Trump tells Xi Jinping he will honour ‘One China’ policy

White House confirms phone call between two leaders was ‘extremely cordial’

US president Donald Trump spoke to Chinese President Xi Jinping on the phone overnight. Photograph: EPA

US president Donald Trump spoke to Chinese President Xi Jinping on the phone overnight. Photograph: EPA

 

US president Donald Trump has allayed fears of tense relations with Beijing after he told his Chinese counterpart Xi Jinping in a phone call that he would honour the “One China” policy on self-ruled Taiwan, despite earlier calling the longstanding position into question.

Following up on Thursday’s letter with a lengthy phone call on Friday, Mr Trump “agreed to strengthen mutually beneficial cooperation in trade and economy, investment as well as international affairs,” China’s official Xinhua news agency reported.

The agency also quoted Mr Xi saying he “appreciated” Mr Trump for “stressing that the US government adheres to the One China policy,” which stresses there is only one China and that Taiwan is a province of that entity.

In their first phone call since Mr Trump’s inauguration on January 20th, the two leaders also agreed to “keep close contact with each other, and to exchange views in a timely manner on issues of common concern”, Xinhua reported.

Under the One China policy, Washington has diplomatic ties with mainland China and does not recognise Taiwan as a country, while maintaining good relations.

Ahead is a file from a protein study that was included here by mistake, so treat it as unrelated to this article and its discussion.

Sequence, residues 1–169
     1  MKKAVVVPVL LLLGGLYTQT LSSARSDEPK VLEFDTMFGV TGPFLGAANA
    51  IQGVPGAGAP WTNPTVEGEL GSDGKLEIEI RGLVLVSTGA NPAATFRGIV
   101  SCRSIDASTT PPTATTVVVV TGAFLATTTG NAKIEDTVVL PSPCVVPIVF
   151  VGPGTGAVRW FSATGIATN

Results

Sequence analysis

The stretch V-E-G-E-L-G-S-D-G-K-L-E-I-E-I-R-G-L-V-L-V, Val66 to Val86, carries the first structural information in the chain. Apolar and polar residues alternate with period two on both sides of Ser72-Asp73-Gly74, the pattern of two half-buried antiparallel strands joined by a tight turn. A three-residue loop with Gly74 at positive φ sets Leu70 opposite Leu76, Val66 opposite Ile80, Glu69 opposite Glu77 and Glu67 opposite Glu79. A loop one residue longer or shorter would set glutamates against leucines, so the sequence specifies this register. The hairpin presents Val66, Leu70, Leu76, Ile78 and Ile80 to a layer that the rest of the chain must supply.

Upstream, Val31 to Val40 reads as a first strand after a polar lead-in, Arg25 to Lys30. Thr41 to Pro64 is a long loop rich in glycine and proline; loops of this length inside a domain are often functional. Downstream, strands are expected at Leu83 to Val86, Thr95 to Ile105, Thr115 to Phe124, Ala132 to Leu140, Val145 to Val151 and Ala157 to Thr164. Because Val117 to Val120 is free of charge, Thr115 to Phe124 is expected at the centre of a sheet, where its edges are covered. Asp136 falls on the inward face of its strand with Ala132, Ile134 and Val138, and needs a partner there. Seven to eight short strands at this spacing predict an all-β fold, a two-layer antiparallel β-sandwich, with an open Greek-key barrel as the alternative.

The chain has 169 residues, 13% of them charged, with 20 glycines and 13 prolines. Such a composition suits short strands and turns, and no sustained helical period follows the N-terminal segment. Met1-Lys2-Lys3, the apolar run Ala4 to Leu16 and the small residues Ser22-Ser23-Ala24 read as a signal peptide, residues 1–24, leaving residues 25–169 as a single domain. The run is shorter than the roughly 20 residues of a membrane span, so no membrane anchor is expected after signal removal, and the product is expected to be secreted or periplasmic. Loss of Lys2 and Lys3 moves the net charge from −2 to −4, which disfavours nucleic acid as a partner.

The One China policy is the basis for diplomatic recognition by China of all countries, including Ireland.

Chinese state broadcaster CCTV ran comments from Mr Xi in which he said “extremely complicated global situation and rising challenges” meant there was a greater need for enhanced cooperation between China and the US.

“I believe that the United States and China are cooperative partners, and through joint efforts we can push bilateral relations to a historic new high,” Mr Xi said.

Mr Trump had earlier angered Beijing when he took a congratulatory call from Taiwanese president Tsai Ing-wen, whom China considers independence-minded.

The issue, along with Mr Trump’s aggressive comments on trade issues and on China’s controversial claims to most of the South China Sea, had threatened to badly undermine relations between the world’s two biggest economies.

Taiwan has been self-ruled since the Nationalists fled there in 1949 after losing the Civil War and since then Beijing has stressed that it sees Taiwan as sovereign territory and one that should be returned to the fold at some point, by force if necessary.

There had been intense speculation about when the phone call would actually take place, as Beijing was on its guard after Mr Trump’s ill-tempered phone call last week with Australian premier Malcolm Turnbull.

The readout from the White House largely confirmed what the Chinese version said, although the language was slightly different.

“The two leaders discussed numerous topics and President Trump agreed, at the request of President Xi, to honour our One China policy,” it said, describing the call as “extremely cordial”.

Both leaders extended invitations to meet in their respective countries.

“President Trump and President Xi look forward to further talks with very successful outcomes,” it said.

The call came hours before Mr Trump was scheduled to host Shinzo Abe, premier of China’s regional arch-rival Japan.